5 Ingredients or Fewer

Turkish Figs with Anise and Walnuts

by:
November 29, 2010
Author Notes

These TSA approved nuggets will satisfy all travelers, young and old. These sweet and savory, soft and crunchy treats are always in my travel bag whether flying, on a long roadie, or even when we go camping. I've written down the basic ingredients and method, but these are also great with a chunk of a nice salty cheese (I love roquefort) shoved inside if you are just packing for an afternoon picnic and can keep them cool for a few hours. If you make the basic version, they will keep well for weeks in an air-tight container, and are also great to keep around the house to nibble with an afternoon cup of tea, or for the kids as an after school snack. Cheers - S —Oui, Chef

  • Makes as many as you want
Ingredients
  • Dried Turkish, or domestic Calmyrna Figs
  • Walnut halves, roasted
  • Anise seeds
  • Roquefort cheese (optional)
In This Recipe
Directions
  1. Lightly toast the anise seeds in a small pan over medium heat until just fragrant. If your walnuts are raw, roast them on a cookie sheet in a 350? for about 8 minutes.
  2. Cut the hard stem from the top of the figs and discard. Slice each fig almost through along the horizontal "waist" of the fruit and open the fig to accept the anise seeds and a piece of walnut (and cheese, if using).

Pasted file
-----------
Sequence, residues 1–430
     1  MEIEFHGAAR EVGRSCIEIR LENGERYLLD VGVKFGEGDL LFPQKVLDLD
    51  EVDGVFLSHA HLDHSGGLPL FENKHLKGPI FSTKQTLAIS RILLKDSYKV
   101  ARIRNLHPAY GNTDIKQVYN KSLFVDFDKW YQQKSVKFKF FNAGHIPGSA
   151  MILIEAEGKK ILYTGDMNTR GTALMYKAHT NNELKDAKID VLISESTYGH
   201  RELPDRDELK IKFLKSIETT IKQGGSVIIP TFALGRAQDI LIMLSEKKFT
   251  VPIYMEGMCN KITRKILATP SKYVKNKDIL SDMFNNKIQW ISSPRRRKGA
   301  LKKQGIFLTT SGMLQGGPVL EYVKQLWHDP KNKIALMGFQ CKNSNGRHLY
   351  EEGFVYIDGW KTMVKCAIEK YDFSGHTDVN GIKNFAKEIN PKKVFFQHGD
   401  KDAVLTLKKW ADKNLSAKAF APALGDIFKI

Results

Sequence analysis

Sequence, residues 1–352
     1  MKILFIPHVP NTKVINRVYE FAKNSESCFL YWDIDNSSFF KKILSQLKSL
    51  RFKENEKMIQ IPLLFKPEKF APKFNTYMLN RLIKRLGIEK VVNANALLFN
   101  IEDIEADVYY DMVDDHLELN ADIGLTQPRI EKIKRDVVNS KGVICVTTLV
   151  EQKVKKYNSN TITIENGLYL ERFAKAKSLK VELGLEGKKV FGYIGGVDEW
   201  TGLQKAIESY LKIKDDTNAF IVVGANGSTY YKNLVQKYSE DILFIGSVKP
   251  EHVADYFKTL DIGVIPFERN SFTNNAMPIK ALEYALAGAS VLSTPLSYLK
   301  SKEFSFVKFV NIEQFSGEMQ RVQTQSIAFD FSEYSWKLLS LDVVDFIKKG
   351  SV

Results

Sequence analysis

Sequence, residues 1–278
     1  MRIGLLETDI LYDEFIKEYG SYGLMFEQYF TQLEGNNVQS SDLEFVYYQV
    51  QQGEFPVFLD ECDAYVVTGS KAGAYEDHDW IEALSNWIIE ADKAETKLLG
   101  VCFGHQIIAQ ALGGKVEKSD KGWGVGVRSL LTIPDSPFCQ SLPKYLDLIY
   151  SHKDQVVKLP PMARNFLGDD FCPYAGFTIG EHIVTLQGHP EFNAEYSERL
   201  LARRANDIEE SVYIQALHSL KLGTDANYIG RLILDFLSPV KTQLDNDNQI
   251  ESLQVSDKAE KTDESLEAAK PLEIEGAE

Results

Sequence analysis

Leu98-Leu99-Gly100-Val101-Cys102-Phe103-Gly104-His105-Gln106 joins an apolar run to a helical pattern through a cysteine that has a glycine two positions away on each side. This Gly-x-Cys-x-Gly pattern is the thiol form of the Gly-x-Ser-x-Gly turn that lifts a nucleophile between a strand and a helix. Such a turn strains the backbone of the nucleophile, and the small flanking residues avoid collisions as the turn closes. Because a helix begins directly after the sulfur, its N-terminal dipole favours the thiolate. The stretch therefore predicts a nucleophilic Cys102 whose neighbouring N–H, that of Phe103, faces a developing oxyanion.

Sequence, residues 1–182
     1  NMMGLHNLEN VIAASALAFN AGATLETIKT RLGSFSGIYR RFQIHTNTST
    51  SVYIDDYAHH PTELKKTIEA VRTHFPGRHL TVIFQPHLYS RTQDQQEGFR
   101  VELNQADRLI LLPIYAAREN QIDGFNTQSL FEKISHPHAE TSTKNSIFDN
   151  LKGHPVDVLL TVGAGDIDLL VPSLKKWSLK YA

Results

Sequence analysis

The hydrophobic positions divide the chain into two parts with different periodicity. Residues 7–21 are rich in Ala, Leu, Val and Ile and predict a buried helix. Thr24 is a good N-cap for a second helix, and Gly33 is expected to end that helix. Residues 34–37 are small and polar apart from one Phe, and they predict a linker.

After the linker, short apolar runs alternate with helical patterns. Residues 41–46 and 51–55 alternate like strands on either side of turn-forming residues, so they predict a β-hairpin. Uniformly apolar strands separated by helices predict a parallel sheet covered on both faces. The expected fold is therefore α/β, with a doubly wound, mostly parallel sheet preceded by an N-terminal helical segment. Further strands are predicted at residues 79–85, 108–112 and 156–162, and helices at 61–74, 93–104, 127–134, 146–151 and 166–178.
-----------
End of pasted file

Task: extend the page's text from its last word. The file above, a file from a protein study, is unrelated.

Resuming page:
3. Sprinkle a pinch of anise seeds inside the fig, top with a piece of walnut, and then close the hinged top of the fig back over the filling, pressing to make sure all your goodies stay intact. That's it!

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Review
I am a father of five, who recently completed a two year professional hiatus during which I indulged my long held passion for cooking by moving to France to study the culinary arts and immerse myself in all things French. I earned “Le Grande Diplome” from Le Cordon Bleu, studied also at The Ritz Escoffier and Lenotre cooking schools, and completed the course offerings of the Bordeaux L’Ecole du Vin. About six months ago started "Oui, Chef", which is a food blog that exists as an extension of my efforts to teach my children a few things about cooking, and how our food choices over time effect not only our own health, but that of our local food communities and our planet at large. By sharing some of our cooking experiences through the blog, I hope to inspire other families to start spending more time together in the kitchen, cooking healthy meals as a family, passing on established familial food traditions, and perhaps starting some new ones.